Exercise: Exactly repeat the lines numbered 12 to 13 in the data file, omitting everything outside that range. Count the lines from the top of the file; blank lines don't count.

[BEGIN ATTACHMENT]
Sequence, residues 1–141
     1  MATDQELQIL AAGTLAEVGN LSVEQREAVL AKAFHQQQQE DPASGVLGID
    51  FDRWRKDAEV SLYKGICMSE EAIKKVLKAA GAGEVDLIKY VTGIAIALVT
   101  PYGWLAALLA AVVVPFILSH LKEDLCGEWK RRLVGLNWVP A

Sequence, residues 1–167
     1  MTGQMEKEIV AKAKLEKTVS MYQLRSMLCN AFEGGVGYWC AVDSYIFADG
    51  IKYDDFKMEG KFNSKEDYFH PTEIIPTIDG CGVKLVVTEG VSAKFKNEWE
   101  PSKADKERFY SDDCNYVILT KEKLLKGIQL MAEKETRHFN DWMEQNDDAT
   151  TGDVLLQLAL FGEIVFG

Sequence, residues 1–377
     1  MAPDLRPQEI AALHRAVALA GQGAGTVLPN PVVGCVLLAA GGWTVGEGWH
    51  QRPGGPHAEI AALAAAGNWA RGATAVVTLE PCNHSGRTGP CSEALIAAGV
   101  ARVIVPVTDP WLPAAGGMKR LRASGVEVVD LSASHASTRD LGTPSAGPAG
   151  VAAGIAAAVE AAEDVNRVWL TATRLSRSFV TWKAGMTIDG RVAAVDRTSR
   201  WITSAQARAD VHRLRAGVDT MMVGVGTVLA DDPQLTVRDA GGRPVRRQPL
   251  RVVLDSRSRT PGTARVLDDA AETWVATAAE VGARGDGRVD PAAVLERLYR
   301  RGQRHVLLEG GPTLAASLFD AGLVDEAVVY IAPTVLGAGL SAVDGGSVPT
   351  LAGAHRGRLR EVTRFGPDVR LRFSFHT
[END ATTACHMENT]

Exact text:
    51  QRPGGPHAEI AALAAAGNWA RGATAVVTLE PCNHSGRTGP CSEALIAAGV
   101  ARVIVPVTDP WLPAAGGMKR LRASGVEVVD LSASHASTRD LGTPSAGPAG